Abandoned Mine Drainage Services
The Conservancy's watershed conservation program staff provides technical expertise in identifying and treating all forms of non-point source pollution, such as excess nutrients and fertilizers from agricultural operations and sediment from eroding streambanks. This type of pollution is the leading cause of water quality issues impacting our region’s waterways.
Our trained watershed staff provides technical assistance for water quality and riparian area monitoring, macroinvertebrate sampling, habitat evaluations and monitoring protocol development, among other areas of specialty. Our staff is also available to serve on steering and technical committees, and advisory boards at the local, state or federal level.
Conservancy staff works with local and regional organizations, county conservation districts, and state and federal agencies to restore land and water resources impaired by un-reclaimed or poorly reclaimed abandoned coal mines. Usually caused by the oxidation of iron sulfide, abandoned mine drainage (AMD) refers to the outflow of polluted water from an abandoned mining site. This reddish-orange water is toxic to most aquatic life, and leaves rivers and streams ecologically impaired.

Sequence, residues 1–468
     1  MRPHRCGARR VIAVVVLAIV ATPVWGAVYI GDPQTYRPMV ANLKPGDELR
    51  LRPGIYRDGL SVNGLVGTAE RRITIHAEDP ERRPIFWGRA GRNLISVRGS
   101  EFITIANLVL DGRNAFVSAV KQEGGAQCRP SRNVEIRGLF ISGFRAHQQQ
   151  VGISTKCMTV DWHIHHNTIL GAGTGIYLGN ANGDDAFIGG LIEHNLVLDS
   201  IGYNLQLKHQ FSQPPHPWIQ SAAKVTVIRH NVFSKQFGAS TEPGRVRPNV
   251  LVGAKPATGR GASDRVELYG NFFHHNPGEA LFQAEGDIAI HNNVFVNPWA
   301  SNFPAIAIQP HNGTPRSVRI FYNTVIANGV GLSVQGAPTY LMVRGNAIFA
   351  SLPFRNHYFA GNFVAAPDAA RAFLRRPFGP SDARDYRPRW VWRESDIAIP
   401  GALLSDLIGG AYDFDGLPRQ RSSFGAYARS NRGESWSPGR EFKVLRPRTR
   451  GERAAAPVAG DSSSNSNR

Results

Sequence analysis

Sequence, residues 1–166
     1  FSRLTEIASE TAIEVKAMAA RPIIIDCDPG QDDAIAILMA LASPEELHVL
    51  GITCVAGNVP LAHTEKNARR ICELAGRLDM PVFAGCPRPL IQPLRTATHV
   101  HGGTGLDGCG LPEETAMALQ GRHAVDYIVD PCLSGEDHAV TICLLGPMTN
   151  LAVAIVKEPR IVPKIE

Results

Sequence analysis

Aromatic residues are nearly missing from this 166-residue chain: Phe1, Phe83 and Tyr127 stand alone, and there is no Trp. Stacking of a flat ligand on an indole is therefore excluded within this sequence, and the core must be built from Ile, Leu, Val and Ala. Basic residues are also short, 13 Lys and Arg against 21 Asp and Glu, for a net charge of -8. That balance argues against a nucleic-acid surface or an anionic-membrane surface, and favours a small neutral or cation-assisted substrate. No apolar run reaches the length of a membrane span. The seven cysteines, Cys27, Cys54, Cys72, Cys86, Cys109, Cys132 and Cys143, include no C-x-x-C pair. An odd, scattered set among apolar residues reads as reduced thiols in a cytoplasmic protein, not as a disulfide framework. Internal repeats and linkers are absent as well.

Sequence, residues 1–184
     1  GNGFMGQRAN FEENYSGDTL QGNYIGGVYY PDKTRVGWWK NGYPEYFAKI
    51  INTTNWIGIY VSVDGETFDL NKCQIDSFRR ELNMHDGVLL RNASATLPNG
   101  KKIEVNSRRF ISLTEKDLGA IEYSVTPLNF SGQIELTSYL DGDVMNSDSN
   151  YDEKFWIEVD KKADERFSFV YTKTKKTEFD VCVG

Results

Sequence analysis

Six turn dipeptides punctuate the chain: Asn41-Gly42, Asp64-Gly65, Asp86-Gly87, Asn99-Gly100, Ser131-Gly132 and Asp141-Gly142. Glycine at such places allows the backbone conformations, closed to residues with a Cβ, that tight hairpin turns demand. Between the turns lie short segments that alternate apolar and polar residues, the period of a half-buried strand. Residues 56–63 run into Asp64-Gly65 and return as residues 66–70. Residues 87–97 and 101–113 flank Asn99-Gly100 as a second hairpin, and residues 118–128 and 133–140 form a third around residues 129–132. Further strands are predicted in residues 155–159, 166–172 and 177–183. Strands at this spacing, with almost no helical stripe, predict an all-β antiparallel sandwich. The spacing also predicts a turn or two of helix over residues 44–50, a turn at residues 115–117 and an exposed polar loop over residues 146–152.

WPC assesses on-the-ground conditions to determine the causes of water pollution and impairments related to abandoned coal mines and then develops strategies to reduce or eliminate the causes. Often background data on water chemistry and flow are collected to help determine the best treatment system design concepts and methods to reduce pollution levels. We also regularly monitor these sites and work closely with other experts in the field of AMD treatment to develop a conceptual treatment system design concept. We also work to acquire the funding needed for implementation.